- More than 1 million people who rely on the cross-border of Bab Al-Hawa to help people are at risk of losing life-saving medical care without the approval of the UN Security Council.
- 98% of women and approximately 90% of men surveyed by the IRC also reported that they had difficulty accessing treatment as a major barrier when trying to access treatment.
- A UN-led cross-border intervention should be approved for 12 months to prevent the number of preventable deaths.
New York, NY, July 6, 2022 – On July 10, the UN-led cross-border route in northwestern Syria is expected to end once the UN Security Council ratifies the resolution this week. Failure to repair the machine will seriously affect the millions of Syrians who currently rely on border crossing to provide essential medical care, the International Rescue Committee (IRC) has warned.
In 2021, 1.3 million people received life-saving assistance through the Bab-Al Hawaiian cross, the last remaining cross-border route at risk of closure. About 60% of all outpatient interviews nationwide rely on cross-border support. In the northwest of the country, a region that relies heavily on border crossing, more than 3.1 million people are currently in need of humanitarian assistance..
Recent IRC data collected recently from areas in northwestern Syria between March and April show how dependent people in the region are helping to access medical care. 98% of women surveyed, and nearly 90% of men, said they struggled to get treatment as a major barrier when trying to access medical care. This represents an increase of 50% and 30% respectively since the same period last year.
With 63 hospitals, 170 hospitals, 42 private hospitals and 45 mobile clinics providing health care in northwestern Syria, the UN border crossing is the only way to earn a living – if not approved, humanitarian NGOs like the IRC will not be able to fill the gaps in ‘shares and medical services.
One IRC customer, a 42-year-old Syrian in northwestern Syria, told us:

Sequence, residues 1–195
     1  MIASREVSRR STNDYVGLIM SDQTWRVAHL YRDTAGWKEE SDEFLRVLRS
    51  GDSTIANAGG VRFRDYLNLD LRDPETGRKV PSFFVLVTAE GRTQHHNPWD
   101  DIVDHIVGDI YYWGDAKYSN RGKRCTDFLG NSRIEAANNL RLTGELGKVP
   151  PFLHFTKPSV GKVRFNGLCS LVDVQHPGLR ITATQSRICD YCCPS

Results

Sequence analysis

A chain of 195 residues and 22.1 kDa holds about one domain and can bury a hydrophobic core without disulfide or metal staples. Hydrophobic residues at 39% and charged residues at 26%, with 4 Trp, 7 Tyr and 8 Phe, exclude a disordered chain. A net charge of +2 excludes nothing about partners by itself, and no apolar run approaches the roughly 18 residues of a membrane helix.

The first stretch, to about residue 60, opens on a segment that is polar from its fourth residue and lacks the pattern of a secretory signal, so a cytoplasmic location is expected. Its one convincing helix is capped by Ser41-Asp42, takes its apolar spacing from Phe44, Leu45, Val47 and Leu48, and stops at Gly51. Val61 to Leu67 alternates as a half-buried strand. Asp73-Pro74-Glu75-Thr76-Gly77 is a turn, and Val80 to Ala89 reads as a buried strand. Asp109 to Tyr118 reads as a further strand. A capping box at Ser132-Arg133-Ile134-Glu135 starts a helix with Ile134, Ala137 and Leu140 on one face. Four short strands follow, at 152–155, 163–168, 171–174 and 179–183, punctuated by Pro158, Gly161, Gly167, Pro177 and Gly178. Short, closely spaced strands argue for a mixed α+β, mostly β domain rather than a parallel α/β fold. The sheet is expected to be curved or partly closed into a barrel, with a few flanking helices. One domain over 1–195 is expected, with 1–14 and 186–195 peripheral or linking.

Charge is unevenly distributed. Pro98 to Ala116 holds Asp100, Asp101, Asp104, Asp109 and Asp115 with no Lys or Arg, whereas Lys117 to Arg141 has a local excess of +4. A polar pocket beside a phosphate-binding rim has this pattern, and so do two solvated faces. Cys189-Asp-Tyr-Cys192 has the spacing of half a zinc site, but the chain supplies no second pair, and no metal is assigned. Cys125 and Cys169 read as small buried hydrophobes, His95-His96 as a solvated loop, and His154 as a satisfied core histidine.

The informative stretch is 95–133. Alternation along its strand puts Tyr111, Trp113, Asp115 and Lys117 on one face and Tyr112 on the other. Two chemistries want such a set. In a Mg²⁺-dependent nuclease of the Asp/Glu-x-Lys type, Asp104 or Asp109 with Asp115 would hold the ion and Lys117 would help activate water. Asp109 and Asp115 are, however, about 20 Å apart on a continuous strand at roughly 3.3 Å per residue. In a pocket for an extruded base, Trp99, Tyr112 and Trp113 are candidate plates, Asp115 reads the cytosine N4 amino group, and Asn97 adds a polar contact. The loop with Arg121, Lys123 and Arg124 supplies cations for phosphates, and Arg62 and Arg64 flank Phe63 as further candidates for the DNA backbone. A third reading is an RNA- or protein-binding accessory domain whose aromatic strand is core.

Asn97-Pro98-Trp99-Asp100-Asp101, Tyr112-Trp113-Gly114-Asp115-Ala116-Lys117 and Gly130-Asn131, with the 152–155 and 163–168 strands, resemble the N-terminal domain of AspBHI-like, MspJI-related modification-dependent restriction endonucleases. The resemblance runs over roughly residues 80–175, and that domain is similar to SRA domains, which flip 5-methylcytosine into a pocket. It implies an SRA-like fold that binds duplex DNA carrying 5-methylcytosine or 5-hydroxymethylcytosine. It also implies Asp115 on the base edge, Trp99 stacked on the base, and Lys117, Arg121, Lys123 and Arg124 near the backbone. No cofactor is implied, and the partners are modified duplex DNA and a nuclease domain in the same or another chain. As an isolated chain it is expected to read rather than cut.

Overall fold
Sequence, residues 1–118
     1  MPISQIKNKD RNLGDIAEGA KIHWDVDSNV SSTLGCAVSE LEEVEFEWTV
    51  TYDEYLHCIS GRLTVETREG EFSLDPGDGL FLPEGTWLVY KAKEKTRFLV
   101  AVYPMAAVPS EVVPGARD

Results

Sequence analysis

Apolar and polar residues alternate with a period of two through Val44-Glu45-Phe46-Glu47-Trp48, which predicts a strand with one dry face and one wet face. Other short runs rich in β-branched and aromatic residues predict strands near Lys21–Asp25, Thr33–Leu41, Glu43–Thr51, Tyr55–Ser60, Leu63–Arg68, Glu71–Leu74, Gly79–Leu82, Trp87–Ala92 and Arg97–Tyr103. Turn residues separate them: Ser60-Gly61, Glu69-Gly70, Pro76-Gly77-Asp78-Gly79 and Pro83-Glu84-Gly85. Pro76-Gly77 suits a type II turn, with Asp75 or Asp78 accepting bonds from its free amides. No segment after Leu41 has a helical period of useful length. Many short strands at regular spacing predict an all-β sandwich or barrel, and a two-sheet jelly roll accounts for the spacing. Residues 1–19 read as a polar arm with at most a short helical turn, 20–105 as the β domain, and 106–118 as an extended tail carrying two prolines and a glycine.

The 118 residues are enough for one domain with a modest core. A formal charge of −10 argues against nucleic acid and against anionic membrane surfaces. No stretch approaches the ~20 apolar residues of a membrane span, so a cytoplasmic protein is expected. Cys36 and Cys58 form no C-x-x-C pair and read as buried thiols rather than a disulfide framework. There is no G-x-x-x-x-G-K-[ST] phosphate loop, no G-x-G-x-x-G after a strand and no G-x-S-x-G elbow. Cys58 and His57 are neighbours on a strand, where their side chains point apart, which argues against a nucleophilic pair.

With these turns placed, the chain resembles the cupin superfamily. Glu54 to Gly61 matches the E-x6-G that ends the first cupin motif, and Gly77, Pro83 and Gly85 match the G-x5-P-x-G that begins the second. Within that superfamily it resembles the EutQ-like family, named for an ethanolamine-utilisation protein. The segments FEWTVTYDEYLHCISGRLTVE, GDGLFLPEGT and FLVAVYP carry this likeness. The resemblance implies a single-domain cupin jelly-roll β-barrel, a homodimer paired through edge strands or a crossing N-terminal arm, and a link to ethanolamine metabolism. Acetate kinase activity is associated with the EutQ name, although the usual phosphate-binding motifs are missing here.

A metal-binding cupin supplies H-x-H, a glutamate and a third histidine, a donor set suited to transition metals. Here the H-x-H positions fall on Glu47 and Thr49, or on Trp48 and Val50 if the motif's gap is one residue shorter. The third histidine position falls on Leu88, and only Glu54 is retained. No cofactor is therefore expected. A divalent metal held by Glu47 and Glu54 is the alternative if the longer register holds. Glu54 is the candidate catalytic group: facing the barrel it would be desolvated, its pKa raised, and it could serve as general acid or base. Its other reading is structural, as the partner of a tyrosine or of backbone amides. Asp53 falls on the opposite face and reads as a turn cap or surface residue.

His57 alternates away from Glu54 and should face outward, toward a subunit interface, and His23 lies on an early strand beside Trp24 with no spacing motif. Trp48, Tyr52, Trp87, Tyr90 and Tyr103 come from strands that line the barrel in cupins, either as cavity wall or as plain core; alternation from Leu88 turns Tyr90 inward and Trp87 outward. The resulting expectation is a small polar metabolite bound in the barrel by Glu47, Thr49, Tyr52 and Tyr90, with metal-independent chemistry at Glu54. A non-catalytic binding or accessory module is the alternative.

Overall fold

“The news about the demise of social services worries me. My anxiety is mounting and I am starting to test myself on the road without receiving my medication. My family would start begging us to be able to buy them on their own. I hope they do [the UN Security Council] will continue to allow the flow of humanitarian aid to Syria and that it will not end. We hope he will continue to support us and save us from any disaster. ”
David Miliband, IRC President and CEO said:
“IRC teams and health partners are working hard in northern Syria to ensure that the necessary medical care and access to those who need it most. They do not have enough hospitals, essential medical equipment, or staff.When cross-border opportunities were eliminated in northeastern Syria in January 2020, the problems of daily life of the people soon became apparent.
For Syrians living in the northwest of the country, the inability to re-cross the border could represent a major health crisis since the health crisis began. That is why the IRC is undoubtedly our call to the UN Security Council to put the issue at the top of politics. The UN border crossing should be approved for 12 months so that more lives are not lost unnecessarily.
Notes to editors
- We have local speakers to do the interviews.
- A new IRC study among people in northwestern Syria conducted between March and April this year showed a significant increase in the number of people reporting complications when accessing medical care compared to the same period last year. Nearly all of the women surveyed reported no treatment, an increase of 50% from last year, while for men, the number increased by 30% while 90% of men reported no treatment as a barrier to accessing treatment.
- Other consequences of the redevelopment will include a major disruption of life-saving activities. These include treatment for serious illnesses, such as diabetes and hypertension, psychiatric and psychiatric treatment, treatment of malnutrition in children, and sexual and reproductive health care for women and girls.
- The IRC and its partners in northwestern Syria reached more than 474,000 patients in 2021 through 20 hospitals: 2 hospitals – including only one COVID hospital, 4 mobile hospitals, 13 primary hospitals and one insane asylum. In addition, we have 10 ambulances, 6 of which are assigned to the COVID-19 response, taking those who are considered to go to the testing center and evacuate for treatment. In addition to our ambulances, our response to the epidemic includes the diagnosis, prevention and control of all IRC-assisted hospitals; educating staff on how to protect themselves and their patients from the virus; and continue to raise awareness of the epidemic in the communities in which we and our colleagues work. The IRC also provides special care to at-risk women and girls, pregnant women and the elderly; provides psychological support to help children and their families cope with stress; and assisting thousands of Syrians in raising funds through emergency finance, business support and education.
 https: //www.humanitarianresponse.info/sites/www.humanitarianresponse.inf …
The International Rescue Committee responds to the most pressing issues around the world, helping to restore health, security, education, economic health, and resilience for people affected by conflict and disasters. Founded in 1933 under the auspices of Albert Einstein, the IRC works in more than 40 countries and more than 20 US cities to help people survive, regain their future, and strengthen their communities. Find out more at www.rescue.org and follow IRC Twitter and Facebook.